by Mark Polansky

Top 10 Qualities Executives Are Looking for In a CIO

Sep 15, 20015 mins

Q: What are the professional experience requirements and personal qualifications most frequently required by your clients in executive searches for the position of chief information officer?

A: While the precise order of priority varies from company to company and from one situation to the next, these are the top 10 prerequisites for the CIO search assignments that I conduct.

10 Ability to hire, develop and retain high-quality IT professionals. Surprisingly, this critical proficiency is often not high on the list of required attributes of a great CIO, and sometimes not at all. This ability is too often broached by me rather than my client, and then is it is almost always added to the list if it was missing. Accordingly, I give high marks to CIO candidates who spontaneously promote and substantiate their prowess in this area.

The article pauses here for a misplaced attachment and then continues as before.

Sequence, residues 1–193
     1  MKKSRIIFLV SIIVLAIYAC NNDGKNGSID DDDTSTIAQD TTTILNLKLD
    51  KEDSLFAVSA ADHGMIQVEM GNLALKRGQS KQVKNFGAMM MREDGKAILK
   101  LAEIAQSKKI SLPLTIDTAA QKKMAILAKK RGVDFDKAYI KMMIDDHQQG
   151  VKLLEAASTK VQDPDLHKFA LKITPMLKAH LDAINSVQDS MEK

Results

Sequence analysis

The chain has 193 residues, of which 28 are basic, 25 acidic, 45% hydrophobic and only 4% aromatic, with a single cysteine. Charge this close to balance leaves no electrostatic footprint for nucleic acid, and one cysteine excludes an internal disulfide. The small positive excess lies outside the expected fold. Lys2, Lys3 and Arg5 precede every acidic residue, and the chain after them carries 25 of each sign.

9 International or global experience. This item probably would not have been on this list 10 years ago. As companies seek to serve international outlets, and cross-border acquisitions become more common, it is frequently expected that a top CIO possesses an appreciation of foreign cultures and an understanding of doing business in foreign markets. Knowledge of a specific market, country or language is sometimes required. More generally sought is an openness and awareness, based on experience, that there are different ways of interacting and diverse modes of conducting business in other parts of the world.

8 Knowledge of and experience in a specific industry. A very common request?sometimes the client will insist on finding individuals from his own industry, for example banking, retailing, insurance, hospitality and the like. To increase the potential candidate pool, I usually suggest consideration of candidates with alternative experiences in industries with parallel business models. Occasionally a client will specifically request that a CIO candidate search be filled from another industry in an effort to import new ideas and thinking from a more progressive sector of the economy.